Looking for Griffin
19 May 2023
We set off at 7am, a little after sunrise. The waters were surprisingly calm - unlike my stomach, which was churning with excitement. We were looking for something no one had seen for a decade: a massive riser turret mooring, the size of an apartment block. For 25 years, it had been used to exploit an oil and gas field off the coast of Western Australia.
The tower had made its owners a fortune, producing 127 million barrels of oil and 62 billion cubic metres of gas. But when the oil ran out, the company moved on and left the tower behind. In 2013 it sank beneath the waves and crashed onto the ocean floor.
The tower wasn’t far from Ningaloo Reef and Exmouth Gulf – two unbelievable biodiversity hotspots. Australia’s oil and gas regulator NOPSEMA was concerned that the tower could contain toxic chemicals. They’d ordered it to be removed in 2021. But its owner – first BHP and now Woodside – showed no signs of acting. We wanted to find the tower, get the first video footage of it sitting on the seabed and shame Woodside into action.
We spent weeks researching the tower, pouring over navigational charts, letters from the oil and gas regulator NOPSEMA and various decommissioning plans. The top was at least 40m below sea level, too deep for us to dive safely.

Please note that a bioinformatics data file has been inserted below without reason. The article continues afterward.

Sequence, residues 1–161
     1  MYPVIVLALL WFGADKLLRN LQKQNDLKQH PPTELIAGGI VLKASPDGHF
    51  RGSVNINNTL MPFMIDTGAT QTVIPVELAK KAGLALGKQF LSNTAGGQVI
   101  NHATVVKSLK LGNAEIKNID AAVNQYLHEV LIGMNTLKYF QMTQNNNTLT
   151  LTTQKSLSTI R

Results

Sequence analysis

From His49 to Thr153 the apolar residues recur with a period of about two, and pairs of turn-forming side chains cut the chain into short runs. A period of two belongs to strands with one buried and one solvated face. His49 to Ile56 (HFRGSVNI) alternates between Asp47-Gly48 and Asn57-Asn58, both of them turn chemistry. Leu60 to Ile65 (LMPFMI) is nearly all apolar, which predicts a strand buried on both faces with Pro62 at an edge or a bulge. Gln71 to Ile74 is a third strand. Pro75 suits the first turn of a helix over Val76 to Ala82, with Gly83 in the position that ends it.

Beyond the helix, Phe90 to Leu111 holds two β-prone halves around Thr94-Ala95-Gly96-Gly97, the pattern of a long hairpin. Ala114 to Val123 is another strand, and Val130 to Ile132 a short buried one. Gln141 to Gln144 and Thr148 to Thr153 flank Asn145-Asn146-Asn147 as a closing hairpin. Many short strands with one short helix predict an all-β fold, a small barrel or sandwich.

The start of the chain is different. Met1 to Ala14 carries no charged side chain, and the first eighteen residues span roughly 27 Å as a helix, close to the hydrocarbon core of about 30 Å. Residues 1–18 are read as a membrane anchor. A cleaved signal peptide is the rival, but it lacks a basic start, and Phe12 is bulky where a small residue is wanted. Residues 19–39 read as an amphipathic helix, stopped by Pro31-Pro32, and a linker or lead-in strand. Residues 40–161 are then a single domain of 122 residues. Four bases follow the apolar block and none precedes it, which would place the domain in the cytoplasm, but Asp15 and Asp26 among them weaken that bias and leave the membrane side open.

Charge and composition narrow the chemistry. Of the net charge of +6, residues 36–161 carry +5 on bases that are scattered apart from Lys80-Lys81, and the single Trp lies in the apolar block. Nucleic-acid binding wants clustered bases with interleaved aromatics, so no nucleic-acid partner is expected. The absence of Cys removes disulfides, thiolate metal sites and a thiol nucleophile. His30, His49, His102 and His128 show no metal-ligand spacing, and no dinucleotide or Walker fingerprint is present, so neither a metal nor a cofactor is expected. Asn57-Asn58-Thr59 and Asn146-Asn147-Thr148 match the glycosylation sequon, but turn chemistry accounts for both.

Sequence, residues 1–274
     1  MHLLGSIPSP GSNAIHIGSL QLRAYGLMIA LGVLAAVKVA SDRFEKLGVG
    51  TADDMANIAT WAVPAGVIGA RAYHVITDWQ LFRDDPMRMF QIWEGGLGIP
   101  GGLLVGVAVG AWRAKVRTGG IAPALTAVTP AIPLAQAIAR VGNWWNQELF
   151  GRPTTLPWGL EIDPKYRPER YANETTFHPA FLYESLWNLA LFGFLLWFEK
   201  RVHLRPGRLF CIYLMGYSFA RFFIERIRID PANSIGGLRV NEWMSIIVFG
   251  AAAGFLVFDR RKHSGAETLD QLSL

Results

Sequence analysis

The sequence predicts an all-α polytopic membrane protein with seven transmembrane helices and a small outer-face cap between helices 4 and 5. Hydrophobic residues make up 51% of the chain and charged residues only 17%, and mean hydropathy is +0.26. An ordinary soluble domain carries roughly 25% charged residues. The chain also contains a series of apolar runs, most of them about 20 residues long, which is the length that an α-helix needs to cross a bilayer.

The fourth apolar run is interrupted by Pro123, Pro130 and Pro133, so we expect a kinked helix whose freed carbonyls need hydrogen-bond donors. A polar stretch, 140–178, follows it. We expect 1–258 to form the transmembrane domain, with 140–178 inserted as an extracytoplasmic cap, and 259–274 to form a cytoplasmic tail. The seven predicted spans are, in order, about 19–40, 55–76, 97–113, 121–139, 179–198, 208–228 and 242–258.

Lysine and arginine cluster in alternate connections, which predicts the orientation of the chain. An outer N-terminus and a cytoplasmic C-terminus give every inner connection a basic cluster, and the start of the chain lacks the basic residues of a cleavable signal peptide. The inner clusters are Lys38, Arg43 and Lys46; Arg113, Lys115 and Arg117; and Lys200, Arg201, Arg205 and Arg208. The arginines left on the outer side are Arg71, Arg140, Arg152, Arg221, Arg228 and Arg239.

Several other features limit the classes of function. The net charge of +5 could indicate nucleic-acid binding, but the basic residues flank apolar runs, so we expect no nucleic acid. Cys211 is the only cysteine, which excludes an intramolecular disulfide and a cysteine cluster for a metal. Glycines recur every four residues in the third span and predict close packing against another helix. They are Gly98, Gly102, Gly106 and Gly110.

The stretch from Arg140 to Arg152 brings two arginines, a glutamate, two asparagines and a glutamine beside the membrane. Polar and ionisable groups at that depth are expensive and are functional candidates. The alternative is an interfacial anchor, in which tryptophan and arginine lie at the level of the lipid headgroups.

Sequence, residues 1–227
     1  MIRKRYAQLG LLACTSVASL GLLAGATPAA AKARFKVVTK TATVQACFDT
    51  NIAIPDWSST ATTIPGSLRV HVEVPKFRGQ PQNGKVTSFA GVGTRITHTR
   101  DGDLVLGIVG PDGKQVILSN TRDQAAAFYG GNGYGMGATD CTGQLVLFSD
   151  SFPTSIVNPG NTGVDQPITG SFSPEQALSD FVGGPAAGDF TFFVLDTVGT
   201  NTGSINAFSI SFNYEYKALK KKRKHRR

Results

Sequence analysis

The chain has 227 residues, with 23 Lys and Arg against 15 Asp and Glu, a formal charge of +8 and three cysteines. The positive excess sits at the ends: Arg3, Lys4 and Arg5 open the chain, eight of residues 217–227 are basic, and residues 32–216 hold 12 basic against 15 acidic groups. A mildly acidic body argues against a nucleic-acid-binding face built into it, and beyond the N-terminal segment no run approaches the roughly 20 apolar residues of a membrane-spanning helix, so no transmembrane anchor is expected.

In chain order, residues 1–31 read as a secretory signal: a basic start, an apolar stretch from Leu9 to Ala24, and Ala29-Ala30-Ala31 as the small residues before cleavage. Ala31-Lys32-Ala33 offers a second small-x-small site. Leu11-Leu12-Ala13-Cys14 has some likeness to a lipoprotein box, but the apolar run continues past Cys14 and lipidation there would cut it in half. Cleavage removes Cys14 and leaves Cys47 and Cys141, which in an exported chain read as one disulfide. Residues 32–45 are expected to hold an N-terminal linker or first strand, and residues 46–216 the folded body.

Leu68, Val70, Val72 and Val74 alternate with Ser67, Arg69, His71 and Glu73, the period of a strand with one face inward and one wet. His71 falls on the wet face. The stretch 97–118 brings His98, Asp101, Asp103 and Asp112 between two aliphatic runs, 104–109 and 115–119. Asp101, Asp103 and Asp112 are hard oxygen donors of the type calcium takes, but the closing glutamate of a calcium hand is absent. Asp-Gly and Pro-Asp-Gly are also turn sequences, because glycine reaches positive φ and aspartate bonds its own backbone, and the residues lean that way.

Colleagues in other Greenpeace offices with experience of this sort of underwater detective work had plenty of advice. We decided to use an ROV – a remote operated vehicle – to capture the video footage we were after. They can be tricky to use on the open sea, even for an experienced pilot.
But filming the tower would be the easy part. Finding it would be a much greater challenge. On a previous expedition, some of our European colleagues had spent days searching for a sunken oil tower but had been unable to find it. The tower we were looking for was clearly marked on the map, but the water was well over 100m deep, far deeper than our little ROV could go. If the tower had fallen over, or shifted in a storm, we’d have no chance of finding it.
I didn’t get much sleep the night before, tossing and turning in my bunk. Was this going to be a pointless endeavour: hours – or even days – of searching with nothing to show for it?
Finally my alarm went off. I had half a cup of coffee, too nervous to want anything to eat, and headed to the helideck. We loaded the rhibs – camera equipment, sonar, ROV – and wriggled into our waterproofs. Suddenly it was time to go.
I shouldn’t have worried. After a few minutes of searching we saw something on the sonar. Something huge. It was the tower! We lowered the ROV into the water and watched it sink into the depths. Something flashed in front of the camera – a shark, moving too fast to identify. Then out of the eerie blue silence we saw a shadow, slowly coming into focus. We’d found it!
An hour later and we were back on the ship, hooking the camera up to the TV in the mess. The crew huddled around as we watched the footage we’d captured of a giant, rusted mess of metal, clearly degrading after all of those years at sea. I gave myself a second to savour the moment, before calling the team in the office to give them the good news.